Apple bruised but unrepentant over iPhone 4 fiasco
Siliconrepublic editor John Kennedy’s take on the last week’s news, from technology giant Apple’s bruised ego to how an island truly on the edge plans to become the innovation hub for Europe.
As you all know, Apple has been in the limelight for problems associated with its latest iPhone device, with users complaining of signal loss whenever you hold the phone a certain way. As soon as this emerged, Apple wrote a letter that reeked of arrogance by telling the 1.5 million people who bought the phone they weren’t holding the device properly but if they wanted to, they could buy a metal band, described as either a case or a bumper for US$29 and the problem – which had something to do with skin in contact with the antenna – would be solved.
The PR problem – Apple thought – was also solved. And then – mid-week last week - Consumer Reports, after testing three different iPhone 4s, caused a storm when it said it could not recommend the iPhone 4 smartphone.
On Friday, Apple held a press conference to put the issue to bed for once and for all. Jobs said that Apple engineers, plus 18 PhD scientists, tested the iPhone 4 against other smartphones, like the BlackBerry Bold 9700, the HTC Droid Eris and the Samsung Omnia and said those devices also suffer the same problem. Jobs said that despite the negative press coverage about the antenna issue, calls to Apple Care about antenna or reception issues was 0.55pc. Comparing the iPhone 4 to the iPhone 3GS using AT&T return rates, Jobs said the 3GS return rate was 6pc, while for the iPhone 4 it has just been 1.7pc.
Nevertheless, after saying his statement would last 15 minutes – it lasted 30 – Jobs revealed that even though Apple doesn’t believe there’s a problem with the device it’s going to give users free bumpers up to 30 September or their money back. It was the right thing to do, even though Jobs couldn’t resist pointing out again and again the iPhone 4 is perfect.
The good news for Ireland and 16 other countries is the craved device will go on sale here from 30 July. Then the games can begin again over whether the phone works or not.
The innovation island
The hoopla surrounding the iPhone 4 almost overshadowed a week of smart economy announcements from the Irish Government where it revealed it was committing vast sums of money – no mean achievement for a cash-starved country following the economic crash – to making Ireland an innovation hub for Europe.
It began Monday last week with the Taoiseach arriving at Wall Street to announce that we’re creating a €500m venture capital fund aimed at attracting venture capital players into the country, as well as providing the supports to finally start supporting promising indigenous firms. The objective is to drive the creation of sustainable jobs in Ireland in the technology, life sciences, clean tech and financial services sectors.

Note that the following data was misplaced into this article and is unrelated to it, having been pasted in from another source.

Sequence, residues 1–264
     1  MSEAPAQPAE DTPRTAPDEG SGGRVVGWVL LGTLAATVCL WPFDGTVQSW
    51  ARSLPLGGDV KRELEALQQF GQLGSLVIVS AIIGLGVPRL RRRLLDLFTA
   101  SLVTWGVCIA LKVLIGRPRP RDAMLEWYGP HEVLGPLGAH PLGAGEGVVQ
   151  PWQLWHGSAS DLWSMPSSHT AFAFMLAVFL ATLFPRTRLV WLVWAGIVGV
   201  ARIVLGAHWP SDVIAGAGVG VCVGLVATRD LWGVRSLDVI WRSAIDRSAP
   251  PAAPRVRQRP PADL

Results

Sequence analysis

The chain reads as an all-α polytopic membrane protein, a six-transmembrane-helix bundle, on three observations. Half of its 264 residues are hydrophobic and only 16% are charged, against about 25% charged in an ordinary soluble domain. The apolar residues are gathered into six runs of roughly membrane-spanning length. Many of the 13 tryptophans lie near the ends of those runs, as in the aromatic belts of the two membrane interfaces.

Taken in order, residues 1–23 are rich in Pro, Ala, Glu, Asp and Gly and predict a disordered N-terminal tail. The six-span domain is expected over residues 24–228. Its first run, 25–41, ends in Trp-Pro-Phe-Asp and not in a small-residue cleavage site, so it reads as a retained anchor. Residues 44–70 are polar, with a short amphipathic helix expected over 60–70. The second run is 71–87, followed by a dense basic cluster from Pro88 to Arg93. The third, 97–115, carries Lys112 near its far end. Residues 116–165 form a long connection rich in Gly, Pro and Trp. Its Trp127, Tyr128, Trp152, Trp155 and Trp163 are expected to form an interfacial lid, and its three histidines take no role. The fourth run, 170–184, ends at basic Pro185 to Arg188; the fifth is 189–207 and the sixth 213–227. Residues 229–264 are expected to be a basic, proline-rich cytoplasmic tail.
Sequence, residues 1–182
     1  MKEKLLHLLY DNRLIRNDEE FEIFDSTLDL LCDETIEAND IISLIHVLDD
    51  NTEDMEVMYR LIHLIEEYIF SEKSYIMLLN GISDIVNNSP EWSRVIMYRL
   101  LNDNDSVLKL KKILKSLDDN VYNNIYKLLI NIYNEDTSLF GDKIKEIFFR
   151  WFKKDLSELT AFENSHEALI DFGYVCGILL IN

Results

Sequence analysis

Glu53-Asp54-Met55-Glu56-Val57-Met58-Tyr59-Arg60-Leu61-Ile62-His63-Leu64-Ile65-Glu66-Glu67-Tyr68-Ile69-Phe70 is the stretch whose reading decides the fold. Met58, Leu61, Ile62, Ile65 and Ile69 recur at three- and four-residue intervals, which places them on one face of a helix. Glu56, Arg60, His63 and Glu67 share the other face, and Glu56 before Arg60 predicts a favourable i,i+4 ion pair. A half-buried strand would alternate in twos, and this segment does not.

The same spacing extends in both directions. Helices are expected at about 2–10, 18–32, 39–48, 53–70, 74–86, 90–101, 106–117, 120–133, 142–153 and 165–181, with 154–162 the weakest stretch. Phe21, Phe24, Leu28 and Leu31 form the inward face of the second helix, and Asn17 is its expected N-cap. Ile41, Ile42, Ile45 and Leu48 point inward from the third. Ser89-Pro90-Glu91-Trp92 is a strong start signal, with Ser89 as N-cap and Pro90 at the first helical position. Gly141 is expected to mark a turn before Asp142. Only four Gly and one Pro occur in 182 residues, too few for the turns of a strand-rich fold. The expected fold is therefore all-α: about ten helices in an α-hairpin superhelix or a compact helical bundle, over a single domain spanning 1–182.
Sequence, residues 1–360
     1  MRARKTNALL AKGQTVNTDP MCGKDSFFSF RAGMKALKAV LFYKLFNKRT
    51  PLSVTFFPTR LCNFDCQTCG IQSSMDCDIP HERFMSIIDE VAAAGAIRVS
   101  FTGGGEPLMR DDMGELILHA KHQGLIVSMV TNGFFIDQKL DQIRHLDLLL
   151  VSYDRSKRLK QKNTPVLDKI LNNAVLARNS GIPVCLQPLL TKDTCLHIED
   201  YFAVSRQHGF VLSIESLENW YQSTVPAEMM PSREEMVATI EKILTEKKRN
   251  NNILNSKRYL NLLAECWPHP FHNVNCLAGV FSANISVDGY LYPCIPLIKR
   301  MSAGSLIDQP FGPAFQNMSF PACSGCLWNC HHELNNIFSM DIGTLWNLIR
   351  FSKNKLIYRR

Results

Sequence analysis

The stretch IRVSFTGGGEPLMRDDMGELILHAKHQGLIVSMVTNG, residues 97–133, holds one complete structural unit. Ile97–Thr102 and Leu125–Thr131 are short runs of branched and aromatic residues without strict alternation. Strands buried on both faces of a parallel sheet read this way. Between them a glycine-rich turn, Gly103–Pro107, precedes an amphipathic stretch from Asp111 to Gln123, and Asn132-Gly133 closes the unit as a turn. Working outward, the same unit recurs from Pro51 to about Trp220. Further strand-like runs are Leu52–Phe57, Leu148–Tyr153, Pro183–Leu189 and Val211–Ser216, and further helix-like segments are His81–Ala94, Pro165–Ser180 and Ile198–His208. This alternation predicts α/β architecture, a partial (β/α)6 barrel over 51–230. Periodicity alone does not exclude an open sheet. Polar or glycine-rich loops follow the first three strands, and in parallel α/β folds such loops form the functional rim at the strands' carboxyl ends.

This is a very good move because as Enterprise Minister Batt O’Keeffe pointed out, venture capital is relatively underdeveloped in Ireland. It will hit two birds with the one stone – give Ireland the kind of advantage Silicon Valley has in terms of accessible venture funds and create high quality Irish jobs in the process.
It didn’t stop there. On Thursday, Communications Minister Eamon Ryan committed a further €5m to the next two phases of the Exemplar Network, which will see the Exemplar Network grow from circling Dublin in the second phase to being a nationwide entity by the third phase in 2013.
Ryan said the first phase of the Exemplar Network, in which the State invested €10m with Intune Networks, has already created 140 jobs and that by the time of the third phase thousands of jobs, from digital media to high-end computing, green tech and life sciences, could be created as organisations will be attracted by the speed and capability of the network.
Then on Friday, the Government revealed it was to make the single biggest investment in research in the State’s history with €359m going into PRTLI Cycle 5. The Government's Programme for Research in Third-Level Institutions (PRTLI) invests in physical infrastructure and research projects in our higher education institutions.
Construction work under the PRTLI Cycle 5 investment will provide more than 64,000 square metres of research space in new and refurbished buildings on our higher education campuses and create some 2,000 jobs in the sector. The research projects will create 379 direct jobs and a significant number of research studentships.
In this country we know all about being bruised and, while companies like Apple have had to eat humble pie over the iPhone 4 fiasco, the news that a Government that has had to eat crow over its handling of the property and banking crisis still has the presence of mind to invest in the science and technology infrastructure of this island is encouraging.